Times Watch for October 17, 2003
Times to the Pope: Happy Anniversary, You Conservative Alienator
Frank Bruni marks the Pope's 25th anniversary in mixed fashion: "Although John Paul's words and actions over several stormy decades drew both acclaim and protest, he always loomed large, and he intersected time and again with important world events. Some historians say he played an important role in the collapse of Communism in Europe by exhorting fellow Poles and others under the grip of the Soviet Union to reject an ideology that he deemed oppressive."
"Deemed" oppressive? Is there really any argument (outside Havana, Pyongyang, or your average college campus) about the murderous nature of Soviet Communism?
For his Friday story, Bruni hammers the same theme of the Pope as hidebound alienator that he used in his previous piece on the Pope: "John Paul has won the hearts of many Catholics and alienated many others. He was boundlessly energetic and visionary in his travels but staunchly traditional in his interpretation of many church teachings.'This pope has done so much for peace and dialogue, but also for the unity of the church,' said Cardinal Cludio Hummes, the archbishop of So Paulo, Brazil. On that last point, many Catholics would disagree. John Paul repeatedly dashed the hopes of progressives who urged the ordination of women as priests and an end to the vow of celibacy for priests. He stood firm in opposition to artificial birth control and civil recognition for same-sex couples. But the focus on Thursday was on the pope's achievements."
Bruni at least leaves out his previous odd reading of church doctrine, in which he indicated Pope John Paul II had "forbade" artificial birth control. The Catholic Church has always been against artificial birth control-a teaching reemphasized by Pope Paul VI in the 19 encyclical letter Humanae Vitae.
For more of Frank Bruni on the Pope's 25th anniversary, click here.
Frank Bruni | Catholicism | Pope | Religion
Maureen Dowd's "Shameless" PR Campaign
Ever since Maureen Dowd's May 14 column (when she used an ellipses to totally reverse the plain meaning of a Bush quote) Web-watchers continue to read closely between her lines.
Dowd claims in her Thursday column: "The president has tried to shake off the curse with a P.R. push to circumvent the national media and get smaller news outlets to do sunny stories about Iraq. The P.R. campaign shamelessly included bogus cheerful form letters sent to newspapers, supposedly written by soldiers in Iraq."
As Andrew Sullivan notes: "The assertion here is that the president himself coordinated the mass-mailings from troops. From everything I have read and seen, this was a one-off idea from a commander in the field and there is no evidence that the White House had anything to do with it. Yet from the full context of the quote, Dowd is specifically making that assertion. It's untrue."
Sullivan calls for a correction, as did the Q & O website early Thursday morning (talk about rapid response): "Yet, with not even a hint of administration involvement, and evidence that the administration was not involved, Maureen Dowd makes a claim to the contrary? She blames the administration for the misleading writing of an employee?"
Then the Q&O writer really twists the knife: "Might I suggest that writers for the New York Times should be particularly sensitive to this sort of accusation?" Ouch.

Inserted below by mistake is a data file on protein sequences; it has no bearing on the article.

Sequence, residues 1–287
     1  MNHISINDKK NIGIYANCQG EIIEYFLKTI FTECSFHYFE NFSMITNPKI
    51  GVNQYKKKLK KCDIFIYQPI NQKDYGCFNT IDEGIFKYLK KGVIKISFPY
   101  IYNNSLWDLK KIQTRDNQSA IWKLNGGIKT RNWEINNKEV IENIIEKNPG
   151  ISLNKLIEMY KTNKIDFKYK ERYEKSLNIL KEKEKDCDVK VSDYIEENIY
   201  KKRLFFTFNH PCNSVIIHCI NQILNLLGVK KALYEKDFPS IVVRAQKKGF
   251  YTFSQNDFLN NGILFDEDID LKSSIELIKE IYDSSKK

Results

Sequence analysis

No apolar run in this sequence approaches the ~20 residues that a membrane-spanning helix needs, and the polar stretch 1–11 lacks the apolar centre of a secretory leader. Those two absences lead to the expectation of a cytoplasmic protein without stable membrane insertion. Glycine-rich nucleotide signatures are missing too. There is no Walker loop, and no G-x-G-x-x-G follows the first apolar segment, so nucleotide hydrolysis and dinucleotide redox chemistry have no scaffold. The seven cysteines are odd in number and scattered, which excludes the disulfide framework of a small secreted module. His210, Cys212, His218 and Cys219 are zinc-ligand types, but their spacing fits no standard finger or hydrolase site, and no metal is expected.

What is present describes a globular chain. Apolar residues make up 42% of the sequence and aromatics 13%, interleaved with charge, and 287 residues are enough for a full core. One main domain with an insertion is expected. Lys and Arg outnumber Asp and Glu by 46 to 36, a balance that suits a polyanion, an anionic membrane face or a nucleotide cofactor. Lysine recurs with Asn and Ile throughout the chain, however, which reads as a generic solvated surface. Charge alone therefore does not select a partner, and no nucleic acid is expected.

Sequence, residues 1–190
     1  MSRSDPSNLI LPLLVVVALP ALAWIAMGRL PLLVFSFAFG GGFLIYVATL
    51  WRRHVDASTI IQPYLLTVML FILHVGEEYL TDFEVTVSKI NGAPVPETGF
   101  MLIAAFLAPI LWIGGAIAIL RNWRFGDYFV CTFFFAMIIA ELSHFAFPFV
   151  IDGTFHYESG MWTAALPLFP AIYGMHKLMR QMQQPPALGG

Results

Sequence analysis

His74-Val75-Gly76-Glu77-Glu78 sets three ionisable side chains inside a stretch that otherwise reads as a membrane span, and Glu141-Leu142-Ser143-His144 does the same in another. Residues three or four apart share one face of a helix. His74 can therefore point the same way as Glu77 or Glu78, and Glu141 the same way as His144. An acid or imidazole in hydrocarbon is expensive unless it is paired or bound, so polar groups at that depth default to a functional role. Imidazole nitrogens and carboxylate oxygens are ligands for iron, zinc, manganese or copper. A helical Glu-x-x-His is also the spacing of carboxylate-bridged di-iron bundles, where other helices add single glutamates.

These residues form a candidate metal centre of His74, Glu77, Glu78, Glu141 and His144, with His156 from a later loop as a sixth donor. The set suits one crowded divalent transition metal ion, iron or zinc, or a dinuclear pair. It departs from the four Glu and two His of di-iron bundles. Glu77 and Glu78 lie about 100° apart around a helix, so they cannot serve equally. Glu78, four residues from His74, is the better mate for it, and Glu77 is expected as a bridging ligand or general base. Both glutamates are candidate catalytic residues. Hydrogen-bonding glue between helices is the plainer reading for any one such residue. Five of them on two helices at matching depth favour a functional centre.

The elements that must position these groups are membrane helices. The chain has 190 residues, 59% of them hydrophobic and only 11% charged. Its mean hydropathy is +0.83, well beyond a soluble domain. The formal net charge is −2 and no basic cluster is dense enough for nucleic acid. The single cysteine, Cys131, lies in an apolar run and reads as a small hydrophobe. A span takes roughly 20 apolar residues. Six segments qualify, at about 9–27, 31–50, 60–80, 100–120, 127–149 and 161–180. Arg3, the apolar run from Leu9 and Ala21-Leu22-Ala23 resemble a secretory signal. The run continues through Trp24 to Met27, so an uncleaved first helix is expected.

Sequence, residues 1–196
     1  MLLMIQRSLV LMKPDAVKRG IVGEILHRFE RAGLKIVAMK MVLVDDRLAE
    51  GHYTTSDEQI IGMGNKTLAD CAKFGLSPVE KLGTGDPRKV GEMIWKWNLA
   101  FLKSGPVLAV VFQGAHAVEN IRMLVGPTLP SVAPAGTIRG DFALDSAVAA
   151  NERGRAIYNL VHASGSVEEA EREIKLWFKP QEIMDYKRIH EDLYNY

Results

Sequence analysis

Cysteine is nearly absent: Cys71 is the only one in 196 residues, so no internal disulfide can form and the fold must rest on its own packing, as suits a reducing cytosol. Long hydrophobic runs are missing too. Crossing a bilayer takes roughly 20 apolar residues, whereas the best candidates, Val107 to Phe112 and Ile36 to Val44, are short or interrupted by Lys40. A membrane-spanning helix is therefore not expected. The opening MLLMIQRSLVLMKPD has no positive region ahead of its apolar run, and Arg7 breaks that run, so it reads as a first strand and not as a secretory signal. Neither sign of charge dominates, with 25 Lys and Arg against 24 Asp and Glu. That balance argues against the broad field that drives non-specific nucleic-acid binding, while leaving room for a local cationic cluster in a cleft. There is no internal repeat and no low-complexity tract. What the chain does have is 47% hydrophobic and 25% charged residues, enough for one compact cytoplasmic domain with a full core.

For Dowd in full, click here.
George W. Bush | Columnists | Maureen Dowd | Gaffes | Iraq War
The Nixon Family Chainsaw Massacre
The Times Weekend Movie section of Friday's Times brings a little Republican-bashing into the screening room. In a review of "Runaway Jury," the latest John Grisham book turned movie, Elvis Mitchell describes Gene Hackman's role in the courtroom thriller this way: "This time he's a slick jury consultant named Rankin Fitch-apparently Lex Luthor was already taken-who employs ruthless, pre-Miranda tactics generally seen on the Fox News channel to empanel a jury favorable to his client."
In the same section, Dave Kehr has this interesting angle on "The Texas Chainsaw Massacre" sequel: "Very much a product of its time, the original was a paranoid vision in which a band of hippies fell into the clutches of a monstrous family evolved from Richard Nixon's middle Americans. [Director Tobe] Hooper imagined the rotting nuclear family formed by the Sawyer clan (oddly renamed the Hewitts in the remake) exacting its final parental revenge on the flower-power generation, represented as a group of helpless children."
For those who need a refresher course, the original "Massacre" featured a murdering band of Texas cousins who possess an, um, unique recipe for barbeque. If this is the Times idea of an average Texas family, no wonder it's scared of Texans like Rep. Tom DeLay and President George W. Bush.
Arts | Dave Kehr | Elvis Mitchell | Movies | Richard Nixon | Texas Chainsaw Massacre
The Times Corrects Itself On Niger
The Times catches up, sort of, with the Washington Post. The first item in Friday's Corrections box deals with an October 5 front-page story by Elisabeth Bumiller, "C.I.A. Chief Is Caught in Middle by Leak Inquiry."
Here's the Times correction, in full: "An article on Oct. 5 about tensions between the White House and George J. Tenet, the director of central intelligence, referred incorrectly to the comment in President Bush's State of the Union address that Mr. Tenet was blamed for not having deleted. The president said Iraq had been seeking to buy uranium in Africa. He did not specifically mention the African country of Niger, though it was identified several weeks earlier-along with Somalia and Congo-in the National Intelligence Estimate provided to members of Congress on Iraqi purchase attempts."
Kudos to the Times for correcting one false reference to Niger; that leaves just an editorial, a column, and at least one additional news story to go.
George W. Bush | Corrections | Iraq War | Niger | Washington Post